Abrupt onset of the capillary-wave spectrum at wall–fluid interfaces†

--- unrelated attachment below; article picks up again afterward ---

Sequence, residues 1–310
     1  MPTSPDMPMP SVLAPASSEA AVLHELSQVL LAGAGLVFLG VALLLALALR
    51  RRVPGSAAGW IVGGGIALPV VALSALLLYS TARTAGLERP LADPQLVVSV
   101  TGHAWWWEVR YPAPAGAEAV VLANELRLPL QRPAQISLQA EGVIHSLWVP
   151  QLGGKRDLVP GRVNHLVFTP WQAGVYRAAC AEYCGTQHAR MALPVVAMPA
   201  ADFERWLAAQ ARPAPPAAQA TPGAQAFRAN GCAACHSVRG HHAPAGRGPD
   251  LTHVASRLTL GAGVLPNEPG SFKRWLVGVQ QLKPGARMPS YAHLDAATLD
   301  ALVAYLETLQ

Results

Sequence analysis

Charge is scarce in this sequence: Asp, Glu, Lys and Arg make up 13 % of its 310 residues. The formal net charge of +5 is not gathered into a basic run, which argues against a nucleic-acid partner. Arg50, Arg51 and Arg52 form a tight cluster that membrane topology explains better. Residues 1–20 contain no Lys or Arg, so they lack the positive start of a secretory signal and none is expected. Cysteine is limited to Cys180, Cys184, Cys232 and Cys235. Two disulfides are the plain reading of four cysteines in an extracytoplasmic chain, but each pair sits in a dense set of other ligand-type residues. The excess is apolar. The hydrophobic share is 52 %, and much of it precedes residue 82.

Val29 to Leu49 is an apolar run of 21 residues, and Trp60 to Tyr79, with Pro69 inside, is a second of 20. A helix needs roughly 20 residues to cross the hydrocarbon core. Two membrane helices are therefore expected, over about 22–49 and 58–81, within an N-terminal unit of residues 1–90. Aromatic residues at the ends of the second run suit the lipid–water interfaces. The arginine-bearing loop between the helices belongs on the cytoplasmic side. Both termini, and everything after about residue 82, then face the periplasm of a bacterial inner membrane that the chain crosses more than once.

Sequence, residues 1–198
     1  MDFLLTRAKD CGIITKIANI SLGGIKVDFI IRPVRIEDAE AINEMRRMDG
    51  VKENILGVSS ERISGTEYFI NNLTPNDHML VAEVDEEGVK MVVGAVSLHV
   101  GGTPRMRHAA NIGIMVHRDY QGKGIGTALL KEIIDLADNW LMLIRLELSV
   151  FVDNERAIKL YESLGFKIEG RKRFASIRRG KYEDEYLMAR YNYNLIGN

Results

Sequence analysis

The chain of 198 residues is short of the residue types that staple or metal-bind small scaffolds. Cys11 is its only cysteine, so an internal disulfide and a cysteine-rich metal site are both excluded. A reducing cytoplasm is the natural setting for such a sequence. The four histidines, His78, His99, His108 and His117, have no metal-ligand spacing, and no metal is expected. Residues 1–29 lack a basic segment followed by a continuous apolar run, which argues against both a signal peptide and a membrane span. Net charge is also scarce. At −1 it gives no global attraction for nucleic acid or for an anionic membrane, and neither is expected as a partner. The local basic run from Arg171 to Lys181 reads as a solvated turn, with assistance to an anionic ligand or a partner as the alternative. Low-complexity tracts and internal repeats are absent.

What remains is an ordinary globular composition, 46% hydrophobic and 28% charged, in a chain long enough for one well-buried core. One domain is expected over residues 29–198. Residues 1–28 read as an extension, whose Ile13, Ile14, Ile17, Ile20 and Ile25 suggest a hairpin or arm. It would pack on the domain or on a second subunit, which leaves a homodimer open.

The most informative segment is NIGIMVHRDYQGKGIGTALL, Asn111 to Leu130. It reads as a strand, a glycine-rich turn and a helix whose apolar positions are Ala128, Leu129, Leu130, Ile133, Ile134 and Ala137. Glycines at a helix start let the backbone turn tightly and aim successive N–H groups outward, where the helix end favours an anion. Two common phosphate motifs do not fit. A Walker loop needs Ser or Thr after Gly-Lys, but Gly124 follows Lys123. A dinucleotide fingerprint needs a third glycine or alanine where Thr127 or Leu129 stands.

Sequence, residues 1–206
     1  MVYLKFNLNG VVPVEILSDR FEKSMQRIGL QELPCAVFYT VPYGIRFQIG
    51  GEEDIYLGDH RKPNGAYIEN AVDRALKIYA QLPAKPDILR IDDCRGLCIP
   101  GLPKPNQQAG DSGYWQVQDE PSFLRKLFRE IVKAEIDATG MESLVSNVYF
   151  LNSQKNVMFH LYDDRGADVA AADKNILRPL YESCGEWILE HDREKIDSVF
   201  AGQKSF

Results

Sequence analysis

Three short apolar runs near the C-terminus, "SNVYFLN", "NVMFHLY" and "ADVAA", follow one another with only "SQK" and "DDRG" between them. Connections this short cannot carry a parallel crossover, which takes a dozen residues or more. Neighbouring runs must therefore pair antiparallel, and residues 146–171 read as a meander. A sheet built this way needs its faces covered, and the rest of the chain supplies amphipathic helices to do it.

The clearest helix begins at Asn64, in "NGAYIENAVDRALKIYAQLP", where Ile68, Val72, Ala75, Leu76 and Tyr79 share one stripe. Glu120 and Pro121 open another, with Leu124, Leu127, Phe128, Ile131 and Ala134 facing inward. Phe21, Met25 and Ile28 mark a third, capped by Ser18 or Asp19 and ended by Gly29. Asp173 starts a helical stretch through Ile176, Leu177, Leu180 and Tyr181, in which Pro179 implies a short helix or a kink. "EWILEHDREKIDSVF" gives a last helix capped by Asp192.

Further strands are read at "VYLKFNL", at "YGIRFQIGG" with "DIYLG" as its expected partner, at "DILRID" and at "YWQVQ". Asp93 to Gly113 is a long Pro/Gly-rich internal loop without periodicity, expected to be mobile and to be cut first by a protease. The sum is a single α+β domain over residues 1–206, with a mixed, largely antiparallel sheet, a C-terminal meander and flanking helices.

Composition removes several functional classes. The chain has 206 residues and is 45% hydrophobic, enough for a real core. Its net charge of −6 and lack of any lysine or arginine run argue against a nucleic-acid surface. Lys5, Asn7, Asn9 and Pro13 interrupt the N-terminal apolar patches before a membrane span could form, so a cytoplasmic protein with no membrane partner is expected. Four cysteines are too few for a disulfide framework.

Surfaces between 3D solids and fluids exhibit a wide variety of phenomena both at equilibrium, such as roughening transitions, interfacial fluctuations and wetting, and also out-of-equilibrium, such as the surface growth of driven interfaces. These phenomena are described very successfully using lower dimensional (2D) effective models which focus on the physics associated with emergent mesoscopic lengths scales, parallel to the interface, where the 2D-like behaviour is physically transparent. However, the precise conditions under which this dimensional reduction is justifiable have remained unclear. Here we show that, for a wall–fluid interface, a dimensional reduction from 3D-like to 2D-like behaviour – identified via the decay of density correlations – occurs abruptly at a specific value of the contact angle, and indicates the beginning of interfacial-like 2D behaviour and the spontaneous onset of the capillary-wave spectrum. The reduction from 3D to 2D is characterised by the divergence of a correlation length perpendicular to the interface revealing a morphological change in the nature of density correlations. Counter-intuitive effects occur, including that 3D behaviour can persist up to the wetting temperature and also that 2D behaviour can begin when no wetting layer is present and the adsorption is negative.